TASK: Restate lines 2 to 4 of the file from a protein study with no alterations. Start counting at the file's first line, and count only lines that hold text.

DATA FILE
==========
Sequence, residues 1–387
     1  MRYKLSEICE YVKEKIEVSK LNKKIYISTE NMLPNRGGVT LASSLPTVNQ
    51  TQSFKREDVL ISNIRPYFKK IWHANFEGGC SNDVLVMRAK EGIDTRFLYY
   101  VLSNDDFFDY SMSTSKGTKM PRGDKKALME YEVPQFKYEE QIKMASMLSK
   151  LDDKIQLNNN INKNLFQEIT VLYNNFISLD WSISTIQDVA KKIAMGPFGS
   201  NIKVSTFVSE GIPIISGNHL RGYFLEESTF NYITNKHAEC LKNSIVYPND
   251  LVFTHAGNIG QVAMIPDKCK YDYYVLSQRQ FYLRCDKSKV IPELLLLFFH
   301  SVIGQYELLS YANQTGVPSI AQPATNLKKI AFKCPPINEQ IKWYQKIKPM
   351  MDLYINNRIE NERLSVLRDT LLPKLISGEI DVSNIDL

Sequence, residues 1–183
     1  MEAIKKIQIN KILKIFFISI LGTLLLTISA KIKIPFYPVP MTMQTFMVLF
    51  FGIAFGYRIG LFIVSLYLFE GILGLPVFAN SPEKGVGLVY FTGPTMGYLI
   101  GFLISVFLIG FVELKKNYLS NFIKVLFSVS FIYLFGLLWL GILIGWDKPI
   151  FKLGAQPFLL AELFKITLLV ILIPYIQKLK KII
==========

     1  MRYKLSEICE YVKEKIEVSK LNKKIYISTE NMLPNRGGVT LASSLPTVNQ
    51  TQSFKREDVL ISNIRPYFKK IWHANFEGGC SNDVLVMRAK EGIDTRFLYY
   101  VLSNDDFFDY SMSTSKGTKM PRGDKKALME YEVPQFKYEE QIKMASMLSK